The Reagan Movie I want to see

Over at GreenCine, David puts the Reagan TV movie in perspective; it doesn't sound like it's worth going to the mat for.

And instead of reading the 213-page script, I just rebought Joan Didion's NYRB article, The Lion King, and I'm glad I did. I say rebought, because it's also included in her collection of essays, Political Fictions, which is sitting in a box in our storage unit.

Didion's got an agenda, sure, but she backs it up with a screenwriter's eye for wicked detail and dialogue, and a relentless slog through the quagmire of firsthand accounts. She reads the right wing's literature, so you don't have to.

Here's a timely but damning excerpt she pulls from Donald Regan's memoir, For the Record: From Wall Street to Washington ["585 used copies available, starting at $0.01"]

As President, Ronald Reagan acted on the work habits of a lifetime: he regarded his daily schedule as being something like a shooting script in which characters came and went, scenes were rehearsed and acted out, and the plot was advanced one day at a time, and not always in sequence. The Chief of Staff was a sort of producer, making certain that the star had what he needed to do his best; the staff was like the crew, invisible behind the lights, watching the performance their behind-the-scenes efforts had made possibleÖ. Reagan's performance was almost always flawless. If he was scheduled to receive a visitor at ten o'clock, he would finish whatever else he was doing at 9:58, clear off his desk, clear his mind of whatever had gone before, and prepare himself for the next scene.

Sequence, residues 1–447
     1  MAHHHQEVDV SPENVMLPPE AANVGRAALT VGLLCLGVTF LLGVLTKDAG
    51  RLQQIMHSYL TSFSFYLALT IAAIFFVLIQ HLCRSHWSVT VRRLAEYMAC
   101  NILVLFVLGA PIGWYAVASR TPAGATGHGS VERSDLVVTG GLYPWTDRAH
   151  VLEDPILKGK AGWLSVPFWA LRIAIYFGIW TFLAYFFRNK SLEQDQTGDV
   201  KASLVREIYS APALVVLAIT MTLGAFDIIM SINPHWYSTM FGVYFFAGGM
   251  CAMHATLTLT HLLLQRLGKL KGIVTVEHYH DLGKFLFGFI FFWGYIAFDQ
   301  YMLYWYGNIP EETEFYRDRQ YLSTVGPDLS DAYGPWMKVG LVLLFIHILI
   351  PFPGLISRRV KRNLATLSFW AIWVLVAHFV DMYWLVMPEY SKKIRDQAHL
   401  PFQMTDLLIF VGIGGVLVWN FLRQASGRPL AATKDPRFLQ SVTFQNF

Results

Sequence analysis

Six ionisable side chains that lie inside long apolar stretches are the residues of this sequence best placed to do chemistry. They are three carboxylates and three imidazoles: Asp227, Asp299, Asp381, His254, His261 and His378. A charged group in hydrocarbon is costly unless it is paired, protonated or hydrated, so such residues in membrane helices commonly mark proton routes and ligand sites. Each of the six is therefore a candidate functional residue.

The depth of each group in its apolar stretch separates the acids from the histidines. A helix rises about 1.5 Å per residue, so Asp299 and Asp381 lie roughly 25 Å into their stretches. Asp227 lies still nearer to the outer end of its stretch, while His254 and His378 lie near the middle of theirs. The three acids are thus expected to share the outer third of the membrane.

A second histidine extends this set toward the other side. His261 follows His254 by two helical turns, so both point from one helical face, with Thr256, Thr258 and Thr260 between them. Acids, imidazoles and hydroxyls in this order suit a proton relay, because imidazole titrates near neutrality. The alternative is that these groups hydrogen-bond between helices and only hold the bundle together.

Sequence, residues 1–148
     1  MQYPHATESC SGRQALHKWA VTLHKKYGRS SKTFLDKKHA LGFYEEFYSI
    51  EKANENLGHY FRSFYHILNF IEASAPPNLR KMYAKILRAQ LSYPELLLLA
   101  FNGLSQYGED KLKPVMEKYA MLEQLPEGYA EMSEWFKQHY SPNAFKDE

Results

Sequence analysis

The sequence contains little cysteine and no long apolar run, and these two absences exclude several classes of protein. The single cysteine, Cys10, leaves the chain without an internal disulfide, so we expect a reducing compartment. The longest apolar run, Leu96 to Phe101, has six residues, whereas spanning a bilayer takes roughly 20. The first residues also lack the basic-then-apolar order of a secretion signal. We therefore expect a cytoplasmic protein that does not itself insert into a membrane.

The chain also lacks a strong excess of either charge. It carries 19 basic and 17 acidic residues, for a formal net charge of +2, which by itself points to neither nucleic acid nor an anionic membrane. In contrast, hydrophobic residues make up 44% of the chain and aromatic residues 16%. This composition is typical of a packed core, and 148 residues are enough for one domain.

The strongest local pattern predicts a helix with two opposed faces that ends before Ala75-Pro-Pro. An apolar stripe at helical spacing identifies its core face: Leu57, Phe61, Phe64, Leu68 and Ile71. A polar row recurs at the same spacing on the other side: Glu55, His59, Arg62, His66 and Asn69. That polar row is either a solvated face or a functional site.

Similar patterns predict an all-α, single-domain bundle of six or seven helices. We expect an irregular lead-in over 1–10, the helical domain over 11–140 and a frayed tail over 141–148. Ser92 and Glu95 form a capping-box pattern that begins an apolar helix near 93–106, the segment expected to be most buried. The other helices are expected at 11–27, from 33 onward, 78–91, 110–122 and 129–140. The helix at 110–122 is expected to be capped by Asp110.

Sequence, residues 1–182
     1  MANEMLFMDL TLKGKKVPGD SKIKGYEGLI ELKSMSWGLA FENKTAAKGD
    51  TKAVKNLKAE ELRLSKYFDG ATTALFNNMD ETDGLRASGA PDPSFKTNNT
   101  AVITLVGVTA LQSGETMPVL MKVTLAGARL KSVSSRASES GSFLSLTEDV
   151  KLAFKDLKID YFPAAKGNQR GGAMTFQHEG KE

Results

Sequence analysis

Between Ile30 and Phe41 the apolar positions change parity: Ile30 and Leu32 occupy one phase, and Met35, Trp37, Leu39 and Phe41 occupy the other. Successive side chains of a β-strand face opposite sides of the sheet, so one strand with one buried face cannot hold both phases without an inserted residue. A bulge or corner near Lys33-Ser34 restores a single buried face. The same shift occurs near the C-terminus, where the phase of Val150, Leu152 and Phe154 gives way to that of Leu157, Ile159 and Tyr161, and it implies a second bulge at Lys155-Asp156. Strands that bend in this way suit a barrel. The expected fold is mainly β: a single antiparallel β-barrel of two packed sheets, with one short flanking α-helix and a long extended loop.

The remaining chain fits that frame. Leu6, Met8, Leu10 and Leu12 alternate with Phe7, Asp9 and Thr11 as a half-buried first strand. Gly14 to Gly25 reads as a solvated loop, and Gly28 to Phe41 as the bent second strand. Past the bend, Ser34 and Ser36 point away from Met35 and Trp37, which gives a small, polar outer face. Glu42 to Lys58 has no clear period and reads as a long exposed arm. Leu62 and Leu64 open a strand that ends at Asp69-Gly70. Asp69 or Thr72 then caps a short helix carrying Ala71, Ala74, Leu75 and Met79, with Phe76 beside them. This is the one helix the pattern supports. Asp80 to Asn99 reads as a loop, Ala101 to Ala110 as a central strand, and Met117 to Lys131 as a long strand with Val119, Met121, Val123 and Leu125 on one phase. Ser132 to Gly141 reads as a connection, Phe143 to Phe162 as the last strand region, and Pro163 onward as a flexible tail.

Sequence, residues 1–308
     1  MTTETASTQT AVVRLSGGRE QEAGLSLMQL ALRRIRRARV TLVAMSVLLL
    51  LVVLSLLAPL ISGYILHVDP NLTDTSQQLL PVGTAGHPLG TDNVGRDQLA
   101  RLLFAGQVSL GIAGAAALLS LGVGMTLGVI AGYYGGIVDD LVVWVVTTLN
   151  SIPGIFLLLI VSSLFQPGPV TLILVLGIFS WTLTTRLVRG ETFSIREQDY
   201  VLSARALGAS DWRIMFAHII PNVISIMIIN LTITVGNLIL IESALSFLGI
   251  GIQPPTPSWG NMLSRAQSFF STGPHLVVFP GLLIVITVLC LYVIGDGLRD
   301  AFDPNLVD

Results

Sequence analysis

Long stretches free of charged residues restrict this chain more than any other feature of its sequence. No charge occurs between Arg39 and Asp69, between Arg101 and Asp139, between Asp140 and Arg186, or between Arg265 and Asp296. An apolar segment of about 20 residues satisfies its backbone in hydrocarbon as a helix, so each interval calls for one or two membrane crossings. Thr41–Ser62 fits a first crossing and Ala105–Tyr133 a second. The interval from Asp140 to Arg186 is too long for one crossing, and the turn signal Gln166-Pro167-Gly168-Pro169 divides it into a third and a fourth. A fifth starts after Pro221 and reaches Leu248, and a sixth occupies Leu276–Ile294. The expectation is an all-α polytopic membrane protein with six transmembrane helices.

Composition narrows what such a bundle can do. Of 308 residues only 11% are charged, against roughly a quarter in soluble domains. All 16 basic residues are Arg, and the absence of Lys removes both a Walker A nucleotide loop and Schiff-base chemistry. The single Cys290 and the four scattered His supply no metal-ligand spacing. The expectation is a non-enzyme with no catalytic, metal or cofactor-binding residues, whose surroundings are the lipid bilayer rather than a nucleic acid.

The CBS hacks were criticized for putting words in the president's mouth. Didion shows us that's not their real crime; Reagan's "accomplishments" are his speeches, and his texts must be approached with enough infallible literalism to make an evangelical Christian proud. But this is also where he's vulnerable; he who lives by the word dies by the word.

What Reagan demands, it seems, is a "making of" movie which hews tightly to the accounts of his crew. A Player, an 8 1/2 a Jour et Nuit, an Irma Vep, or an Adaptation, even. [A Project Greenlight? That'd hurt too much.] This isn't a network TV movie, or even a cable movie; it's DVD, with a pile of bonus disks.

Since 2001 here at, I've been blogging about the creative process—my own and those of people who interest me. That mostly involves filmmaking, art, writing, research, and the making thereof.

Many thanks to the Creative Capital | Warhol Foundation Arts Writers Program for supporting that time.

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first published: November 9, 2003.

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